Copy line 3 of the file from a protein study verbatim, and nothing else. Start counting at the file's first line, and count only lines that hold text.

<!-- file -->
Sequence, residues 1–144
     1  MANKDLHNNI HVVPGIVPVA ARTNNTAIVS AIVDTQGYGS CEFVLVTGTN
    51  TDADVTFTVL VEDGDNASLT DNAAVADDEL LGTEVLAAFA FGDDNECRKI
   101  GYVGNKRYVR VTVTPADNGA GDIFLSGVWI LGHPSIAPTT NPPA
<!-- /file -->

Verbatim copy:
    51  TDADVTFTVL VEDGDNASLT DNAAVADDEL LGTEVLAAFA FGDDNECRKI